Vancouver Zeitgeist
Reflections on Vancouver, British Columbia and other topics, related or not


Nobody quit

But that’s no problem. The BC Liberals have
plenty of others equally unqualified for the leader’s job

July 29, 2017

All equally suited to lead the BC Liberals

Just a few of the faceless hordes who
could run this province as well as Clark did.


Back before Gordon Campbell’s political downfall was foreseen, Georgia Straight editor Charlie Smith wrote a commentary speculating who might replace the then-premier when he eventually left office. Smith didn’t mention Christy Clark. I posted an online remark (that predated my falling-out with the paper) noting the omission. My response suggested that Clark’s political hiatus would distance her from the party’s unpopular actions. Her flaky social policies, meanwhile, could attract supporters from the NDP.

As I recall, Smith responded to the effect that Clark wouldn’t want to be premier because she seeks popularity and therefore wouldn’t give up her successful radio show for a tough political job. Subsequent events might give me bragging rights, but Smith had a point. Too bad it was lost on Clark.

I think she entered politics expecting to be liked, making her maybe Canada’s first attempted politician-as-celebrity. No end of politicians have craved public stature, but not necessarily as a figure of adulation. They wanted to appear important, powerful or significant in some other way, but not necessarily like Sinatra/Presley/John-Paul-George-and-Ringo.

As a political star, Clark’s been far overshadowed by Canada’s answer to Princess Di, who enjoys advantages that escape the former premier. The all-important Quebecois embrace the PM as one of their own (although his 75% Anglo ancestry hardly makes him pure laine Frenchie), he excels Clark in his instinct to reduce discourse to platitudinous mush, plus he’s a fucking Turdeau so everyone has to treat him like royalty.

But I digress.

Clark might have been smarter to stay in media. She might have played her radio popularity into a network TV show, some kind of touchy-feely emotional crap in which she interacts with guests and a carefully screened studio audience. Maybe she thought she could do that in politics, turning British Columbia public affairs into a sort of Oprah Winfrey show.

But that wasn’t to be. Clark started off with no caucus supporters except hapless Harry Bloy, a now-retired MLA maybe slightly less retarded than Linda Reid. Clark’s lack of real support probably continued until the party’s surprising May 2013 victory killed rumours of an 8:01 Club insurgency.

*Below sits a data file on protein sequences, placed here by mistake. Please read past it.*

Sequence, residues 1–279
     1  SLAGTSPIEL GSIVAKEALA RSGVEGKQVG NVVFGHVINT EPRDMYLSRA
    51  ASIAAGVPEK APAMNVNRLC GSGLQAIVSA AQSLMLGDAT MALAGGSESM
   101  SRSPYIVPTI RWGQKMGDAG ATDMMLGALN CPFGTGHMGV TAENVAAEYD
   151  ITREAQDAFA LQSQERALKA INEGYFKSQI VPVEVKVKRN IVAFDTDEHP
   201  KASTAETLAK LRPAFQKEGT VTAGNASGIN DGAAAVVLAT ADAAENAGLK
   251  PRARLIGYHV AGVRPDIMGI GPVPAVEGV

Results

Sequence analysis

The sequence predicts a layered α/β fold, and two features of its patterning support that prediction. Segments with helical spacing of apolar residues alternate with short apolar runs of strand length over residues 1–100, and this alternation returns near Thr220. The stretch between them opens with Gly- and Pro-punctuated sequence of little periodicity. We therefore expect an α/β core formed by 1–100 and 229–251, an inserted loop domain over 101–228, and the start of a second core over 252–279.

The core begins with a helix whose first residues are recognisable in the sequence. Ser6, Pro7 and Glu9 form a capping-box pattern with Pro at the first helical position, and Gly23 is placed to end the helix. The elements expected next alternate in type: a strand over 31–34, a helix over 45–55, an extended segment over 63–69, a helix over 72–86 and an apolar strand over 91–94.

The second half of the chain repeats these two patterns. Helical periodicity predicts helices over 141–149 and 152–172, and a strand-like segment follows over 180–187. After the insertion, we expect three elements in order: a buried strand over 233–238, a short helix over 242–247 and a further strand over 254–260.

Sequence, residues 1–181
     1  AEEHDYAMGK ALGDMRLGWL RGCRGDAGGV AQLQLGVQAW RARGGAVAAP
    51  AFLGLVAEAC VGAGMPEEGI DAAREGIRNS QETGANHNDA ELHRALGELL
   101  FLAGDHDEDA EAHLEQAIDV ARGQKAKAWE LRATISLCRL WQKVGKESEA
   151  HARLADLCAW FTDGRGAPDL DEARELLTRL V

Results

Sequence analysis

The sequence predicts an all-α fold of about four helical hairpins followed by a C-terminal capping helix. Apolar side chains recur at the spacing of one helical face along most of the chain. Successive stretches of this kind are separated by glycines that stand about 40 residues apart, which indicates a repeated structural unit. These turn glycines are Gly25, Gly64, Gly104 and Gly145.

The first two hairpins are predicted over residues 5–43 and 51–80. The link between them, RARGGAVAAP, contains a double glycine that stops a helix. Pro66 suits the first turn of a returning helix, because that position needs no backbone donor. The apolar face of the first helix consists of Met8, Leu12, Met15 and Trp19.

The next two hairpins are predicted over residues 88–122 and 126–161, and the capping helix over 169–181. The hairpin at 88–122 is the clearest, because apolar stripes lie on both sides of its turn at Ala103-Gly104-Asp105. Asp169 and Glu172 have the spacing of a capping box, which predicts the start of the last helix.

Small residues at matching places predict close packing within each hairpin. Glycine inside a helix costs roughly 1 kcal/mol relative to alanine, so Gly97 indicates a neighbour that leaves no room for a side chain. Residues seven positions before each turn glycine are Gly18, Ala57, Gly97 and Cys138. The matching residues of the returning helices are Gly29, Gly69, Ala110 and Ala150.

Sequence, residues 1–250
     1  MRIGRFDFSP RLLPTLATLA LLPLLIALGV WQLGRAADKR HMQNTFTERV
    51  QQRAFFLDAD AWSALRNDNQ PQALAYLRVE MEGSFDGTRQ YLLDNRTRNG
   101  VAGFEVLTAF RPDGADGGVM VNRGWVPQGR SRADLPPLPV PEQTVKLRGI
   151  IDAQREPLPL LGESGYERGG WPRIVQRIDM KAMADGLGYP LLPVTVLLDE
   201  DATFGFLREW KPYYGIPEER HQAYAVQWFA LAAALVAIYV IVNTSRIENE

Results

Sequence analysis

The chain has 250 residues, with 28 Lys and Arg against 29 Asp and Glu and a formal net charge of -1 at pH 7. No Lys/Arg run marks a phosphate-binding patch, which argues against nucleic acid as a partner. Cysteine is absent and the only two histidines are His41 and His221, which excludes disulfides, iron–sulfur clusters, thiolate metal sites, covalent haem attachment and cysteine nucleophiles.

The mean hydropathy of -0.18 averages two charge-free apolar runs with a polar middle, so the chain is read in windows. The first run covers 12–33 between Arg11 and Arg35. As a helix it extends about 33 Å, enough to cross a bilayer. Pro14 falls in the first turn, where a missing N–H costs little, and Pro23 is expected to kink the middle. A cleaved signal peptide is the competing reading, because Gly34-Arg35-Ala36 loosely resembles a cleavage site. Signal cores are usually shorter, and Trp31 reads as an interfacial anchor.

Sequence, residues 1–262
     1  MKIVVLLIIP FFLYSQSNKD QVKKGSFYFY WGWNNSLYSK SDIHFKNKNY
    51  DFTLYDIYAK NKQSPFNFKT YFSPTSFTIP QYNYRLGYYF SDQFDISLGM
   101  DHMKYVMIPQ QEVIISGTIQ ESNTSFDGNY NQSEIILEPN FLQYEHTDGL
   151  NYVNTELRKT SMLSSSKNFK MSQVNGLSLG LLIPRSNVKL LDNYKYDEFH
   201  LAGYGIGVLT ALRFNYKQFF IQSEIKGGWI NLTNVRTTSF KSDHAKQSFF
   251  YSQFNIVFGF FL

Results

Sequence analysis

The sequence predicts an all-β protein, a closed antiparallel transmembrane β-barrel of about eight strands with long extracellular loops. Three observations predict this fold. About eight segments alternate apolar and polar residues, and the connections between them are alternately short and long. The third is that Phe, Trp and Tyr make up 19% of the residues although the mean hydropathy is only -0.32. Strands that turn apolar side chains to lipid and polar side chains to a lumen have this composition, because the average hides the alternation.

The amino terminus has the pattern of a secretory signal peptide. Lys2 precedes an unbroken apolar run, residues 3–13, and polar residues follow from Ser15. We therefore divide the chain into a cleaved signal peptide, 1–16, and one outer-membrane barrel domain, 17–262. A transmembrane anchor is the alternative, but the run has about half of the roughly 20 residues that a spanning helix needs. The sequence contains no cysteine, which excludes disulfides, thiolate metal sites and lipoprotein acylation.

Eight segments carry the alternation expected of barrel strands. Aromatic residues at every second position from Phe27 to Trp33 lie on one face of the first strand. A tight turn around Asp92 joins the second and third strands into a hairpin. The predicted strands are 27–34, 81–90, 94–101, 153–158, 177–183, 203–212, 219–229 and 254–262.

But she followed last May’s failure with others: not winning over the Greens despite her potlatch budget and not convincing the lieutenant-governor to call a snap election.

It’s hard to imagine Clark holding the opposition role anyway. As a talk show host she reputedly came up with facile criticisms and solutions. That trait might have made her a superficially effective government critic. But question period gives the government the last word. How would that suit her past experience, let alone her temperament?

Then there’s the photo ops. How could she bear to watch someone else, especially an attention-lover as obvious as John Horgan, steal the limelight that seemed her strongest political motivation?

Her legacy, according to media, consists of successive balanced budgets. But they resulted partly by raiding BC Hydro coffers, money which should go into new infrastructure. Oh well, with NDP and Greens now opposed to new electricity generation, what else is there to do with rising hydro bill revenue but buy off voters?

Balanced budgets notwithstanding, the debt expanded. Nice trick, that.

Then of course there’s the tendency of new governments to find that their predecessors didn’t balance their last budget after all. We’ll wait and see on that one.

So with one nobody out, who’s next? The more interesting names include Dianne Watts. As a former mayor of Surrey—as any mayor of anywhere—she held a tougher job than any BC Liberal cabinet minister. She seems to inspire some kind of empathy, maybe by appearing sincere without acting out the role. (Her current official photo belies that impression.) But would she be up to opposition leader effectiveness? Or even party leader effectiveness? Or would she even want to risk her federal Conservative seat?

As for Sam Sullivan, any BC Liberals opposed to the NDP-supporting poverty pimp industry and its opportunistic flakery would oppose him. That’s if there are any such BC Liberals. Interim leader Rich Coleman’s certainly not one. Sullivan would have to be careful, though, to not exhaust delegates’ patience with constant reminders of his Almighty Wheelchair status. I can’t help wondering how much this guy would inflame Horgan’s predatory instincts. The BC Liberals could only benefit, however, from the spectacle of a bullying premier bawling out a helpless cripple.

Kevin Falcon had long hoped to become Campbell’s heir. Proficiency in public policy would make him an exemplar of B.C. politics, should he come out of retirement. Impossible to imagine that he doesn’t. Good chance that he’d ditch the Clark throne speech promises and re-rebrand the BC Liberals as something distinct from the NDP/Greens. He might even resurrect the pretence that his party represents small businesses, the middle class and working people. Then again, he’s a B.C. politician. As in Clark’s throne speech, ambition will always trump convictions.

Of course, there’s the ethnics. Unless Chinese and Punjabis can unite, however, a whitey might prevail after all.

But Clark’s term set the bar low, very low. Any number of people could skip over it and into the leadership race.

How’s my blogging?